Ada Limón Won’t Let Prose Touch the Poetry on Her Shelves

What books are on your night stand?

My night stand doesn’t speak to me anymore. That’s because, here’s the truth: I don’t read at night. The night stand is where books go to die. I think that I’ll read something before bed and then I immediately fall asleep, so the real question is, what books are on my desk? Right now that’s “Eve,” by Cat Bohannon; “Martyr!,” by Kaveh Akbar; Mosab Abu Toha’s “Things You May Find Hidden in My Ear”; “You Can Be the Last Leaf,” by Maya Abu Al-Hayyat; and an advance copy of “The Backyard Bird Chronicles,” by Amy Tan.

How do you organize your books?

I put them in piles during my busy travel months, then I cry and stomp when the piles feel unwieldy, and then my husband ponders if I should get rid of a few, but I will not do that, and then, very methodically I alphabetize them. I also separate them by genres. Prose cannot touch poetry in my little world. And I mean that as an organizing principle and also as a slight against prose.

Describe your ideal reading experience (when, where, what, how).

I’d be reading a book in some sun-filled spot outside, while knowing every human being is safe, cared for, fed, beloved, and all wars have ended. And in our new manifested world that celebrates humanity, interconnectedness, nature and peace, I can sit outside under the oak trees and savor every line of a poem. And the music of the poem will sing back to the music of the world. That’s my ideal reading experience.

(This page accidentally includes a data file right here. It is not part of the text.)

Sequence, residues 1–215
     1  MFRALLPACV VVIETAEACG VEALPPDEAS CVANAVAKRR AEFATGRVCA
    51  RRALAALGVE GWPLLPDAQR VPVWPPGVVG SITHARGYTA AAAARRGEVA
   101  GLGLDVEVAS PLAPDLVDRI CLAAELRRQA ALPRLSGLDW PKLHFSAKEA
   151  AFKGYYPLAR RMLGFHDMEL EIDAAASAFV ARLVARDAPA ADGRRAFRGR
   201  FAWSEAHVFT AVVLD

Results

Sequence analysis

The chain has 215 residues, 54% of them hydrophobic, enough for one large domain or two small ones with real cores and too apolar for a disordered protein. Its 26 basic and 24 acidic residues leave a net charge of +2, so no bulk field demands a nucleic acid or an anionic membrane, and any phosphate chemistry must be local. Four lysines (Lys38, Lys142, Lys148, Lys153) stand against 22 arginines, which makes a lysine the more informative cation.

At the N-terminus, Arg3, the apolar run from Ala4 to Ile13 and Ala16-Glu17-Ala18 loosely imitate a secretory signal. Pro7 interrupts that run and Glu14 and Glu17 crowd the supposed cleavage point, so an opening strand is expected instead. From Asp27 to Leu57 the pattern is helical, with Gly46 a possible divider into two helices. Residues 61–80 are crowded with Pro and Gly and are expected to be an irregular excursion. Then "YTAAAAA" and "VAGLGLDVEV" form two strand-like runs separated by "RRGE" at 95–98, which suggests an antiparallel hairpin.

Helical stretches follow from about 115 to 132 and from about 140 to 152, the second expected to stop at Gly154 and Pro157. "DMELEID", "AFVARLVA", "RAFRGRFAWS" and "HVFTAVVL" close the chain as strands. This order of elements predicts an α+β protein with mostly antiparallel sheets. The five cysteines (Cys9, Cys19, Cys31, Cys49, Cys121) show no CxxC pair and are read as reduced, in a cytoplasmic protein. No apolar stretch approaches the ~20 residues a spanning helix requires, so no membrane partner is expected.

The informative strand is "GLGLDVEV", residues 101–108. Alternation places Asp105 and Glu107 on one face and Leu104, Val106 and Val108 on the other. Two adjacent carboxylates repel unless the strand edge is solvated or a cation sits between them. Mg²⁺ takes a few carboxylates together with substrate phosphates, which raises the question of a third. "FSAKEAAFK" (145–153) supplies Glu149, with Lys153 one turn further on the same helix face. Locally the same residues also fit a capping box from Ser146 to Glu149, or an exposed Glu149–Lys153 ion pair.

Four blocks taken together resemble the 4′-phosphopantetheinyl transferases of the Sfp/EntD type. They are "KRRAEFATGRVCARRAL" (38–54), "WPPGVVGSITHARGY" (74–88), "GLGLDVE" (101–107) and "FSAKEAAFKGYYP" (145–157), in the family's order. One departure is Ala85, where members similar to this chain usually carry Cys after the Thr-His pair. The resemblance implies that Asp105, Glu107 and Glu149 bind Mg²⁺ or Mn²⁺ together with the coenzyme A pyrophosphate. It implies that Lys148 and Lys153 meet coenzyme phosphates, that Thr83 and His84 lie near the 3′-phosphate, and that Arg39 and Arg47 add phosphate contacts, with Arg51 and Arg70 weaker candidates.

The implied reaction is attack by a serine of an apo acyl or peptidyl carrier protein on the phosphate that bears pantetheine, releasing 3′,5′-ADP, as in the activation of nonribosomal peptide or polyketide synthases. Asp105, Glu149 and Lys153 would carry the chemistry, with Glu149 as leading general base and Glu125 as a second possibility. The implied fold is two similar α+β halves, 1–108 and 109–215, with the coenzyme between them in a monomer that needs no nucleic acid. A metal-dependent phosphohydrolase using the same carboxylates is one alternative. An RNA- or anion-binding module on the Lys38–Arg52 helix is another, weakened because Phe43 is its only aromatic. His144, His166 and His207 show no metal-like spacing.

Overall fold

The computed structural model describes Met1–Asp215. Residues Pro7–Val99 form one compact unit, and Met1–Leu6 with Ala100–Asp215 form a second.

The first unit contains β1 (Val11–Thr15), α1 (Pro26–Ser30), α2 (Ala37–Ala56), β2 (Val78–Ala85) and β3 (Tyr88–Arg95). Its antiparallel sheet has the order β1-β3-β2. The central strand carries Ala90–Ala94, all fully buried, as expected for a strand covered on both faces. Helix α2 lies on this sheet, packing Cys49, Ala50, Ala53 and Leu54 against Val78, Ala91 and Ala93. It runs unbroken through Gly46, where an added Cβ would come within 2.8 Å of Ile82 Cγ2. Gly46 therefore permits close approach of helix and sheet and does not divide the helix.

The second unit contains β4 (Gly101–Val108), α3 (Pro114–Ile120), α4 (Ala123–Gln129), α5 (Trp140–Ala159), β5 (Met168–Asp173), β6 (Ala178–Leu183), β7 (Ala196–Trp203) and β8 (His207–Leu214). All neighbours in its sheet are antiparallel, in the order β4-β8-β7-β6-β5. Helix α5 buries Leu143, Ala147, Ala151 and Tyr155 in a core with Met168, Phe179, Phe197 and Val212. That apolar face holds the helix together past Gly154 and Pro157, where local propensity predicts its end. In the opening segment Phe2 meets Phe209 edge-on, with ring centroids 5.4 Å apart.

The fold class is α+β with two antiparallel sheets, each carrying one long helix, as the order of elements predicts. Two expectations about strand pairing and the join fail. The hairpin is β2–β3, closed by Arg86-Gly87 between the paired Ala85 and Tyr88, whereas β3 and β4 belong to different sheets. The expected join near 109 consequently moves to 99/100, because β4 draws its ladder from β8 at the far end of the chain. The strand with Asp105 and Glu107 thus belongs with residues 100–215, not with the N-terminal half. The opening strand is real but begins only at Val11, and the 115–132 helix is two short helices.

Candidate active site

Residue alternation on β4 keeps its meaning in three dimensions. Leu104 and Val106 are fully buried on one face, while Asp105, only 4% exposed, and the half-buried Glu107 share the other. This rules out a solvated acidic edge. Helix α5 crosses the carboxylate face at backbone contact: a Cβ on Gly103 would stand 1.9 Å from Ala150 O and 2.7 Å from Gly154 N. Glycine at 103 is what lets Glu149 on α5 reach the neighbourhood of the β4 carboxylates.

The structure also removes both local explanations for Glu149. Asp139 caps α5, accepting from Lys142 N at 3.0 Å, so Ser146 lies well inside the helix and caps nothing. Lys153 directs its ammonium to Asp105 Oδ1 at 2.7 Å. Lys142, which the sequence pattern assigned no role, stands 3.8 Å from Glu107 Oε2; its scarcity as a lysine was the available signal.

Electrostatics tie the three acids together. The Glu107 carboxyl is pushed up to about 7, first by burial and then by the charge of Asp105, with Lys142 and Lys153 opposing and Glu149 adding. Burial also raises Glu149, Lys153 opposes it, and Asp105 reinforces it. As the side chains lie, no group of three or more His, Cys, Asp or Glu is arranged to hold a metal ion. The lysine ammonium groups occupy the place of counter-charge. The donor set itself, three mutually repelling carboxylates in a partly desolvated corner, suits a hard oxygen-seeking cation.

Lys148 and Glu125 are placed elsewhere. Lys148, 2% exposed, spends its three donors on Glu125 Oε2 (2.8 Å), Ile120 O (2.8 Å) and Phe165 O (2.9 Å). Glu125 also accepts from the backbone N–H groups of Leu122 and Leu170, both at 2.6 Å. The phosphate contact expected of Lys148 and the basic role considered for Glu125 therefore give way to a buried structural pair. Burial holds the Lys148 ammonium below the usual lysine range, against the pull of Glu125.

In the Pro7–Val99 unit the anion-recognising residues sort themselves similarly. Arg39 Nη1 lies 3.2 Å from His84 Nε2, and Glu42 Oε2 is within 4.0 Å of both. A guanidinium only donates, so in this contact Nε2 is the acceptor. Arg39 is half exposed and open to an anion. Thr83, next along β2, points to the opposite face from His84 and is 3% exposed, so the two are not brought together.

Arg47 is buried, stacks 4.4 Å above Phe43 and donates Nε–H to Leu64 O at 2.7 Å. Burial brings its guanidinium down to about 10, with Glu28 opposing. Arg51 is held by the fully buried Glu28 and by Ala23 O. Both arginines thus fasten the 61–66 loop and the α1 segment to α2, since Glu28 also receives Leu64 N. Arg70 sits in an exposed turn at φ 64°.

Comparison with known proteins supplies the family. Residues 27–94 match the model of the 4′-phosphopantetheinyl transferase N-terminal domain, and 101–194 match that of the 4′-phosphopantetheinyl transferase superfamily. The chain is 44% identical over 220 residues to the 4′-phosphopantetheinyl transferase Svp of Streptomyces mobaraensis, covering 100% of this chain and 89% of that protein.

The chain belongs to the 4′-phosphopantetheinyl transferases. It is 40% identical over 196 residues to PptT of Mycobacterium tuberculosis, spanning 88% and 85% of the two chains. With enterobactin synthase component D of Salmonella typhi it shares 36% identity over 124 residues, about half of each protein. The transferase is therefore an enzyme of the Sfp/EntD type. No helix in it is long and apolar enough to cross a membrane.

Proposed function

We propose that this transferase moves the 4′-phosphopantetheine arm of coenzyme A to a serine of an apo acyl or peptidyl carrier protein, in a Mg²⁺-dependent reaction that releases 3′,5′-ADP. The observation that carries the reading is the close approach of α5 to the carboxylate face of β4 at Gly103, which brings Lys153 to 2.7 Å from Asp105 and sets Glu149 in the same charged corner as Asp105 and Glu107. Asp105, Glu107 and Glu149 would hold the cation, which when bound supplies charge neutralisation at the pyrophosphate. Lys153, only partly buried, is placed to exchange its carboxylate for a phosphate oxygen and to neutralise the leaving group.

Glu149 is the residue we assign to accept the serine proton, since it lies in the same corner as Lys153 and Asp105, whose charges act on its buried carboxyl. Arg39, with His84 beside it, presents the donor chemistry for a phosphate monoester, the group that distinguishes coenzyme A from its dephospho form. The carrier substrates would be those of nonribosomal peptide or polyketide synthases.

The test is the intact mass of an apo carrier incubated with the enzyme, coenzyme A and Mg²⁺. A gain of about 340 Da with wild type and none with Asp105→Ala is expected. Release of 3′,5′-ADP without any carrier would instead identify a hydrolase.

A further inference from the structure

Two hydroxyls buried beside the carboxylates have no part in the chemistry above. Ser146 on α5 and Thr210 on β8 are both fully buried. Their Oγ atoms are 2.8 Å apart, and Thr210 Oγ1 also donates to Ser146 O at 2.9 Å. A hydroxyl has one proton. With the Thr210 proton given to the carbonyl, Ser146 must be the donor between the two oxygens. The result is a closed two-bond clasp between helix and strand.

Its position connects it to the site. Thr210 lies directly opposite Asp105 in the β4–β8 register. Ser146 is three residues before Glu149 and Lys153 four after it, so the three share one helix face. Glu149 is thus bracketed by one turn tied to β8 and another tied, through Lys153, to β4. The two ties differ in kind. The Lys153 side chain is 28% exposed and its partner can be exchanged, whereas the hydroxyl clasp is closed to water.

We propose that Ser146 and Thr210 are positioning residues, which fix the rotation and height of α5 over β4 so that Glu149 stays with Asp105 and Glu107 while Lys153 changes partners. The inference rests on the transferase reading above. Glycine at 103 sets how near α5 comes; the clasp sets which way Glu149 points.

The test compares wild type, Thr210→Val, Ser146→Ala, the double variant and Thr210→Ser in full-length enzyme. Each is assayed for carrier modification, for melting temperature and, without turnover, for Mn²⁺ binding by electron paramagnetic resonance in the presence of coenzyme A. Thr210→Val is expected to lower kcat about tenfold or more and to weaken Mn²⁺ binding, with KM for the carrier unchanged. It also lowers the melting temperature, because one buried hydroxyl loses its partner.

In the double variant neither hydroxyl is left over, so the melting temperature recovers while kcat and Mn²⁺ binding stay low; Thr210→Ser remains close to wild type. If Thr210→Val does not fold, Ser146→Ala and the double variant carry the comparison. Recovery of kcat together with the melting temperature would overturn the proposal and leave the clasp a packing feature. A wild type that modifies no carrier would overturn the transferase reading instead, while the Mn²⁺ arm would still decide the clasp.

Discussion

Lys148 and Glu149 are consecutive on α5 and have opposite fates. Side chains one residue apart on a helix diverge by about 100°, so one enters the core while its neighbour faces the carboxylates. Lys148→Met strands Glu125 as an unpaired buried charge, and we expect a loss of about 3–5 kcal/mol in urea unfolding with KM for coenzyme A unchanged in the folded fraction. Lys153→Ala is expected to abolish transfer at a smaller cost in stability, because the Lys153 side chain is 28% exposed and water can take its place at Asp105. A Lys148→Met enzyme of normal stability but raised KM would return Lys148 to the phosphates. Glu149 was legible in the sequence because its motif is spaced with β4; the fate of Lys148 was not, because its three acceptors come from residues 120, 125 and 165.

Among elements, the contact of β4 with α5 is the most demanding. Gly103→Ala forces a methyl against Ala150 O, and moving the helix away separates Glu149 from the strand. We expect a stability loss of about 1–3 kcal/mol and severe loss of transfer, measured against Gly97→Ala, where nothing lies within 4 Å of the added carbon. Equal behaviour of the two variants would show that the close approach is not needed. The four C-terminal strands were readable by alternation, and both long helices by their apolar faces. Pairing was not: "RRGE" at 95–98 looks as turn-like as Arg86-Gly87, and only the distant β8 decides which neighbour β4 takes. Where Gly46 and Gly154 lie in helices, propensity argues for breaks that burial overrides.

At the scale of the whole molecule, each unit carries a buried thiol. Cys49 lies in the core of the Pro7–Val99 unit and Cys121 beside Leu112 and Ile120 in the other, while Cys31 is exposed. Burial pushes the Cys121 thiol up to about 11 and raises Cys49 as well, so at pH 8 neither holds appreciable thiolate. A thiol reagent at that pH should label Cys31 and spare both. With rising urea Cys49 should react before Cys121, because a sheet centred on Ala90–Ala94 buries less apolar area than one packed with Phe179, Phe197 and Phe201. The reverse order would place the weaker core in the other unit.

Are you able to write outside, in nature, or only at a desk?

I love writing outside. When I’m home in Kentucky, I write on my screened-in porch, that is if it’s warm enough. I love to fill the feeder and watch the birds in between writing lines of poems. Through the years, I’ve trained myself to write anywhere. Planes, hotel rooms — anywhere, really. Though it helps if there is silence. Or sounds of nature.

How did you decide whom to commission for the new anthology?

I chose the poets that I knew had recently been working in interesting ways with the subject of nature. I feel so lucky with the final collection. It’s even more powerful than I imagined.

Did anyone say no? What reason did they give?

There were exactly four poets that said no. They are all wonderful writers who were torn in too many directions by the demands of life to produce something new for the anthology. Life doesn’t always allow writers to write.

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